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October 2003

Myasthenia Gravis: Generalized vs Ocular, and Children vs Adults

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Copyright 2003 American Medical Association. All Rights Reserved. Applicable FARS/DFARS Restrictions Apply to Government Use.2003

Arch Neurol. 2003;60(10):1491. doi:10.1001/archneur.60.10.1491-a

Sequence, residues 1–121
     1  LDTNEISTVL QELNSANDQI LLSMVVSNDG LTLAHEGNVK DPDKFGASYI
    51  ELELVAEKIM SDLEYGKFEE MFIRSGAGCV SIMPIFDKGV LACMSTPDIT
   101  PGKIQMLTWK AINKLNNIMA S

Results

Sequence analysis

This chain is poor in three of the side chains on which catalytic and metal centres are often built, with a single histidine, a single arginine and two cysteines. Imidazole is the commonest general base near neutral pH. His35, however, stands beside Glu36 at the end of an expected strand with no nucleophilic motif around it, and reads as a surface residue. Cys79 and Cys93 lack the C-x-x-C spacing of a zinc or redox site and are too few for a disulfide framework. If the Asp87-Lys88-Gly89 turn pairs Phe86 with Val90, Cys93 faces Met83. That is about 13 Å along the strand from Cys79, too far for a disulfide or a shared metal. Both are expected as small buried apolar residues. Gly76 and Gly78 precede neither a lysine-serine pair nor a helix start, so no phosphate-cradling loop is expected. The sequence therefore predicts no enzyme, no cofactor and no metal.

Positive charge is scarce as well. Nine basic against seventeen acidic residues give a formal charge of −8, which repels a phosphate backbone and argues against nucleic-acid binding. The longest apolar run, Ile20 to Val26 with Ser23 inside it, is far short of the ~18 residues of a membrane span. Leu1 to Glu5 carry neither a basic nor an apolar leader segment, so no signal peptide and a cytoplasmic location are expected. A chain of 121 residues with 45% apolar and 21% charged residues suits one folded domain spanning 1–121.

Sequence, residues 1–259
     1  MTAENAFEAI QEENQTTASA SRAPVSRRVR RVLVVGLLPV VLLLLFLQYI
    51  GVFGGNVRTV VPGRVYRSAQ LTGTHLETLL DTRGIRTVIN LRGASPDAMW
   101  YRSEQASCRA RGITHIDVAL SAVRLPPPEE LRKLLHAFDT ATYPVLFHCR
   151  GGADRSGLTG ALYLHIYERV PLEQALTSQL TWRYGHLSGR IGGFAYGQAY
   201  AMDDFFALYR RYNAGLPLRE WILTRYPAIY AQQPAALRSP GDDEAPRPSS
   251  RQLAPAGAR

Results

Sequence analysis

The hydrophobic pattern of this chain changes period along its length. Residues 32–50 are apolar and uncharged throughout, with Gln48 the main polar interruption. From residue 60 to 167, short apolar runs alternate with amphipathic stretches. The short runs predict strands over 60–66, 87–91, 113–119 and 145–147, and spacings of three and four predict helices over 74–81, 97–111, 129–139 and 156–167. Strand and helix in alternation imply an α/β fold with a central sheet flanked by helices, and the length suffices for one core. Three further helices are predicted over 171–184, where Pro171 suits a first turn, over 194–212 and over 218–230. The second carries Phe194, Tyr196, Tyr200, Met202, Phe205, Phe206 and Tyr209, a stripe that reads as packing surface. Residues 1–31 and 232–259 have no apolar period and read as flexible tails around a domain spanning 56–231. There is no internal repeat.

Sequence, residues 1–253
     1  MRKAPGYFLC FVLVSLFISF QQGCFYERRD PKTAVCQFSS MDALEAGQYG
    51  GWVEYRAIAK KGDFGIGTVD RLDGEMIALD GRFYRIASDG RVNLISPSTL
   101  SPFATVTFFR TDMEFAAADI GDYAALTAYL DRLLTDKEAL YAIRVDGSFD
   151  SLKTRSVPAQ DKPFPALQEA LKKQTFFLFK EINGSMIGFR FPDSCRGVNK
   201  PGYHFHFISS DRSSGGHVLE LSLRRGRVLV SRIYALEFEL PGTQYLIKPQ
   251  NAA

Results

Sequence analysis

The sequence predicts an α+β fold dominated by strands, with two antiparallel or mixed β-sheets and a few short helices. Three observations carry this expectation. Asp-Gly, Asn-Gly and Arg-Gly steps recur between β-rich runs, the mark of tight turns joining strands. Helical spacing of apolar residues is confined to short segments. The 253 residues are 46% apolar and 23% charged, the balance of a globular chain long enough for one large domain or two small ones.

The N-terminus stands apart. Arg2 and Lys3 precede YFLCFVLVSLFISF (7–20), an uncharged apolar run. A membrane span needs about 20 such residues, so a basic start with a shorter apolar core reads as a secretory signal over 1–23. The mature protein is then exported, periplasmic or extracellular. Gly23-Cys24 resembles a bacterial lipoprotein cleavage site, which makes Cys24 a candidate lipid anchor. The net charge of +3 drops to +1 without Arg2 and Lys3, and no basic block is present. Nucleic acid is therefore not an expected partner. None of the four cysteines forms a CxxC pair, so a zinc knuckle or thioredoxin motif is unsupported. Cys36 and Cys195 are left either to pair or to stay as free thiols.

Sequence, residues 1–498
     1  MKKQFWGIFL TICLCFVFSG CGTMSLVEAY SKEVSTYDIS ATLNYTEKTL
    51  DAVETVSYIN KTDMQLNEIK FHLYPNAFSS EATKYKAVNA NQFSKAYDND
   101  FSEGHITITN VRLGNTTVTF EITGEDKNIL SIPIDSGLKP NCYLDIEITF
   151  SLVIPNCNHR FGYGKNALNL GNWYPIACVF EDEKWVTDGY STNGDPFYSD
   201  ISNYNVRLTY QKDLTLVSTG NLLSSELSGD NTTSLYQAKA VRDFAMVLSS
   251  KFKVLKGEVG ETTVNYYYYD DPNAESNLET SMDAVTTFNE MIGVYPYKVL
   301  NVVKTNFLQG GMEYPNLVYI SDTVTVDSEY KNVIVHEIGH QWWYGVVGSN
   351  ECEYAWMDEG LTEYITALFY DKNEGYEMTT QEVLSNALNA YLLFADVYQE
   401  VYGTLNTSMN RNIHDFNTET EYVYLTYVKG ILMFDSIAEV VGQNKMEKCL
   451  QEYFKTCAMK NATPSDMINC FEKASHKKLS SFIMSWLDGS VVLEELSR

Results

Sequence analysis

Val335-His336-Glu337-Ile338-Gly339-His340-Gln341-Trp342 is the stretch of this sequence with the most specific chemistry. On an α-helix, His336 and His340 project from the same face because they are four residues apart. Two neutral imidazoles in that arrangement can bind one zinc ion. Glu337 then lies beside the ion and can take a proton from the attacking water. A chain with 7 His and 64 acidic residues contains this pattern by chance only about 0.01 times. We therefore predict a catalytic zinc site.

Kupersmith et al1 report that corticosteroid treatment for patients with ocular myasthenia gravis may significantly reduce the development of generalized myasthenia gravis at 2 years. In their article, the Figure showing the Kaplan-Meier curves of the cumulative development of ocular to generalized myasthenia gravis has some inaccuracies. The treated group should be the lower curve, as a dashed line, and the untreated group should be the upper one, as a solid line. The lower curve also seems to have some mistakes in scale: the 2 curves get closer and closer, whereas the follow-up period becomes longer than 2 years and finally 6 years according to the Figure. The longest period of follow-up was actually 16 years. If the authors extend the cumulative curves to more than 6 years, perhaps the 2 lines will meet. In that case, corticosteroid treatment would just delay the development of generalized myasthenia gravis for several years, as they comment in their last paragraph. A truly effective and safe regimen is needed for these patients,2 not thymectomy.

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